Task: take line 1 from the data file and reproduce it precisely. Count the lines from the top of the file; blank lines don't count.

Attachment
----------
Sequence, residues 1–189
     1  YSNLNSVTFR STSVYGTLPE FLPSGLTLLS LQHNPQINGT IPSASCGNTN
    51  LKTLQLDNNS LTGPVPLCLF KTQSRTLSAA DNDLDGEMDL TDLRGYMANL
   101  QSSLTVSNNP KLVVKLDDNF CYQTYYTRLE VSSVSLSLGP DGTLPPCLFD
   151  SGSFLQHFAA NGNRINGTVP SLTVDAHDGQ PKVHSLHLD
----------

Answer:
Sequence, residues 1–189